School was always a struggle academically for Oatley's Jacqueline Pollock, so she left at the end of Year 11 to become a dental nurse and travel.
"I just couldn't see myself completing my HSC. School just wasn't the right fit for me so I left after year 11 to work at a dental surgery and travel," Ms Pollock said.
After working here and overseas, Jacqueline was living in Canada in 2016 when she got word that her father, Olympic rower Allan Pollock was unwell.
She returned home but her father died of cancer just three weeks later, at the age of 60, leaving her to care for her mother, fellow Olympic rower Karen Pollock (nee Brancourt).
"My mother has been disabled due to brain cancer since I was eight years old and my father cared for her full-time," she said.
"When my father unexpectedly passed away, I took on that role and my career was put on hold while I looked after my mother."
After caring for her mother full-time for a year, Jacqueline decided she wanted to return to her studies, and attended an open day at NSW TAFE Gymea campus.
Ms Pollock recalls she was in tears and wondering what she was doing there before a teacher stepped in.
"I met a teacher who encouraged me to pursue the Certificate IV in Tertiary Preparation (TPC) and finish my HSC," she said.
Ms Pollock elected to do the course in one year, studying biology, chemistry, maths and English.
She said TAFE was a completely different learning environment to school, which allowed her to thrive.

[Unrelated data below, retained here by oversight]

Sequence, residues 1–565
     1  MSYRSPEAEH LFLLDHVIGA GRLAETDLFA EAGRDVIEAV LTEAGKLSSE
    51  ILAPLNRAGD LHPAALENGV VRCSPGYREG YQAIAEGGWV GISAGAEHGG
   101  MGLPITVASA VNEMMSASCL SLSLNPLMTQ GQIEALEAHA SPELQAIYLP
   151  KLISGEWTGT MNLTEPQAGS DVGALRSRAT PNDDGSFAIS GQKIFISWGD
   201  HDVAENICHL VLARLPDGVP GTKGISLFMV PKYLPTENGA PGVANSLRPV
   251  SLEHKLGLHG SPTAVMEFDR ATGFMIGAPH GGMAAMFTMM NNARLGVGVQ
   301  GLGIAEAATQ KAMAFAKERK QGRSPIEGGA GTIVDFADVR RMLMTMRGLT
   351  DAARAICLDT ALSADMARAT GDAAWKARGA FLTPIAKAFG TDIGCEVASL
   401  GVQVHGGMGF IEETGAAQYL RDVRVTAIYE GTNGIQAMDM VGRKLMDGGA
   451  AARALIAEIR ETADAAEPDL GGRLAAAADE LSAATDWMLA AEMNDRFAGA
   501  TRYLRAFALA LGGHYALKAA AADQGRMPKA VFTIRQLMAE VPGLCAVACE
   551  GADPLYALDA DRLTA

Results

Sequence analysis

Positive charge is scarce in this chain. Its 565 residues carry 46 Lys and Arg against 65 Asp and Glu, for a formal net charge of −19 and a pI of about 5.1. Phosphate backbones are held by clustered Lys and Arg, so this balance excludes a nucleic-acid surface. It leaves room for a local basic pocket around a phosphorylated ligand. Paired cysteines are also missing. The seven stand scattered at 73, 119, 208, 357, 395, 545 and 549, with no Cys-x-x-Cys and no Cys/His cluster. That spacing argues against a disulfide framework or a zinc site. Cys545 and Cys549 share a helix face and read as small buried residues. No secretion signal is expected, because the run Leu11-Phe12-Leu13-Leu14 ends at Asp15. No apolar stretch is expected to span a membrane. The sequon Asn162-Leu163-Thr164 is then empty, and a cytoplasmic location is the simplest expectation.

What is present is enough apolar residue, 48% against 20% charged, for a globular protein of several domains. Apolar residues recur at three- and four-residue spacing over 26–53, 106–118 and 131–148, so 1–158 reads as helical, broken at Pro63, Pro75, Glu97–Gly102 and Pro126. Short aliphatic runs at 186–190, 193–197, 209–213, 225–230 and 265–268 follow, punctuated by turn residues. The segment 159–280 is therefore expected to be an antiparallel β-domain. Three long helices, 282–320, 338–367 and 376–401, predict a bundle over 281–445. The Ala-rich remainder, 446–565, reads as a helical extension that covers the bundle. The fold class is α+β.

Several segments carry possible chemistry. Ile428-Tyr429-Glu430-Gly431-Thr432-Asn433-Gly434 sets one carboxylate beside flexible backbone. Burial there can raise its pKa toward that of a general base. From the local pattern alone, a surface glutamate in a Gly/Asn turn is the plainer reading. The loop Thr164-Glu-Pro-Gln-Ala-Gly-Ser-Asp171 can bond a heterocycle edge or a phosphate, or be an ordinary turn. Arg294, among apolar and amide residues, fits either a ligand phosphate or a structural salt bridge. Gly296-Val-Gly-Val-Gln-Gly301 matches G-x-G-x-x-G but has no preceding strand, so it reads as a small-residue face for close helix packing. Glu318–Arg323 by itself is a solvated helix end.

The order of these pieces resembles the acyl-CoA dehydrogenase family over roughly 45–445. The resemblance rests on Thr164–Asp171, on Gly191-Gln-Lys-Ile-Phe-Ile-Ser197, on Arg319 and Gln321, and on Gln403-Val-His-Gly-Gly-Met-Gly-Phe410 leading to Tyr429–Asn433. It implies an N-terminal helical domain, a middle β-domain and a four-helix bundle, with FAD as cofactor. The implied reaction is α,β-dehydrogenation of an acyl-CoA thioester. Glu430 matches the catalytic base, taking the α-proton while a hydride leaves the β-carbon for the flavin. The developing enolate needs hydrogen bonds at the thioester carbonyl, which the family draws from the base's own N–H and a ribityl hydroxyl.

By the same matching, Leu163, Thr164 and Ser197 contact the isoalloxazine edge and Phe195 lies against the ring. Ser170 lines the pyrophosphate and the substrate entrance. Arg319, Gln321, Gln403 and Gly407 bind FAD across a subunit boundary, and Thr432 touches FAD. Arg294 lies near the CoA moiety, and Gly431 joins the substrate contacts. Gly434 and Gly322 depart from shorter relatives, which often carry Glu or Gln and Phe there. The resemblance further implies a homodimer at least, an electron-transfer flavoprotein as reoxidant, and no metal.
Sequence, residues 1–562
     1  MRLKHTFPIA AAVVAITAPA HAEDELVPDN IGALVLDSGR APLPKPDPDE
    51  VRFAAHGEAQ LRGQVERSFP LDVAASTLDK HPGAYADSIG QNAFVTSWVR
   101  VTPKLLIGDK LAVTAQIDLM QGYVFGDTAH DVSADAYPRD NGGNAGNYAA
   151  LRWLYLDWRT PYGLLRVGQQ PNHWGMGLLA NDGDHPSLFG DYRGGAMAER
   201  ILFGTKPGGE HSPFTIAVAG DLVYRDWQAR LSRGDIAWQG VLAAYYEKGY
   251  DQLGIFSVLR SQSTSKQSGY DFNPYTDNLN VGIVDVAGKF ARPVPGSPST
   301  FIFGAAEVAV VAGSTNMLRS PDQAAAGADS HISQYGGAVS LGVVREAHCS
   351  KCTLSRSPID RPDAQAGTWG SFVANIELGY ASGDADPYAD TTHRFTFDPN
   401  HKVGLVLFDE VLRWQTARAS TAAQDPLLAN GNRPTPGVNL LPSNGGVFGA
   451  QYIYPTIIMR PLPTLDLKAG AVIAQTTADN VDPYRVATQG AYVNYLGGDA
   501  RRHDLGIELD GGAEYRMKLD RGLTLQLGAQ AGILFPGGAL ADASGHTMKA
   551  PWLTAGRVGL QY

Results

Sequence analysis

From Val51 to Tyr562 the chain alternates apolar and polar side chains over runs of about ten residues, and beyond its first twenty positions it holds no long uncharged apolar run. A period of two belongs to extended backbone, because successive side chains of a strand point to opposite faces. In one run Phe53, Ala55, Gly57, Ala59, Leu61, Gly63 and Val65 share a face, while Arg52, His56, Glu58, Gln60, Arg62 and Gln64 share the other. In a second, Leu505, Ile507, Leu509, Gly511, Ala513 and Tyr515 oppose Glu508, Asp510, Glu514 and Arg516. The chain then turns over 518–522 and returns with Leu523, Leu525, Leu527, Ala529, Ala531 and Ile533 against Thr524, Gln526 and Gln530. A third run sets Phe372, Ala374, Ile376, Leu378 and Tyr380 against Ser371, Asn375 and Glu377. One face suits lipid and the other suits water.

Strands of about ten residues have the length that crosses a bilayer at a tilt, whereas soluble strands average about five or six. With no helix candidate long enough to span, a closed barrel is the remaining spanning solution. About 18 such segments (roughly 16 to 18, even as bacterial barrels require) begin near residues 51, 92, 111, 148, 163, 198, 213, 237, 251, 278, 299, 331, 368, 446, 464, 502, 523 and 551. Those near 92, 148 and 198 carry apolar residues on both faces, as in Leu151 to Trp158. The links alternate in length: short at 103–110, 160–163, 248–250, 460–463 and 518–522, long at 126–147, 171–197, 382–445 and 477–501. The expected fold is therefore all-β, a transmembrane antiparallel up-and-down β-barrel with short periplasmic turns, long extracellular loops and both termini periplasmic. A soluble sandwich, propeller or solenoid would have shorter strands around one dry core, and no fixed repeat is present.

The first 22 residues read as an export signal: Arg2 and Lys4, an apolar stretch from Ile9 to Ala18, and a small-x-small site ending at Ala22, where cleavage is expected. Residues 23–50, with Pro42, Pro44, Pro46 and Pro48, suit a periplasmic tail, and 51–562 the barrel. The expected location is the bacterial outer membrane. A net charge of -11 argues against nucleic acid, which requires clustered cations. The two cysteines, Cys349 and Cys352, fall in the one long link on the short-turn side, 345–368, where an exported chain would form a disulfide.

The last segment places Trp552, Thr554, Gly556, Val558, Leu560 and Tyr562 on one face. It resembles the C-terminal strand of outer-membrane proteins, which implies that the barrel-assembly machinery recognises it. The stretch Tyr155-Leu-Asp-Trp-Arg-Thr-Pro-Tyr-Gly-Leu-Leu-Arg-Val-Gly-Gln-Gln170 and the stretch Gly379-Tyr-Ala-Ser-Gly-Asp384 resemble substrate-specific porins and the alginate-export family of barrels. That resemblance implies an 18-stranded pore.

"The teachers treat you like adults and the support you get is amazing," she said.
"It is just different. I was also more mature [and] was able to learn in my own way."
She completed her HSC at the end of 2018, receiving an ATAR-equivalent in the high 90s, winning her entry into University of Technology Sydney where she just completed her first year of a Bachelor of Health Science in Traditional Chinese Medicine.
"Through doing the course I discovered that I am quite smart and it built up my confidence to the point where I realised that I could go to uni [and] do anything I want," she said.
One of her TAFE teachers, Jane Maughan-Cheney, was so impressed with Ms Pollock's commitment to learning that she nominated her for a 2019 Australian Federation of Graduate Women NSW award.
The annual award is presented to a female student who has overcome challenges to complete their Certificate IV in Tertiary Preparation (TPC) and successfully engage in a university course.
"When I met Jacqueline she was so incredibly hesitant; she was unsure about whether she could succeed and finish the course at all. She had so many doubts and concerns about how she would be able to do the work," she said.
"Now she's thriving. She aced her TPC and is doing well at university. I've no doubt Jacqueline will achieve anything she sets her mind to."
Ms Pollock, now 25, said she hoped to pursue a career in health so that she could help others, and encouraged anyone who was interested in going back to school to visit TAFE.
"I love that TAFE is there for people who have had a rough start in life," she said.
"I didn't ever think I was smart when I was going through school. I never thought I would complete my HSC, but my teachers were so supportive they made me believe I really could."
To learn more about Tertiary Preparation Study and employability pathways available at TAFE NSW in 2020 phone 131 601 or click here.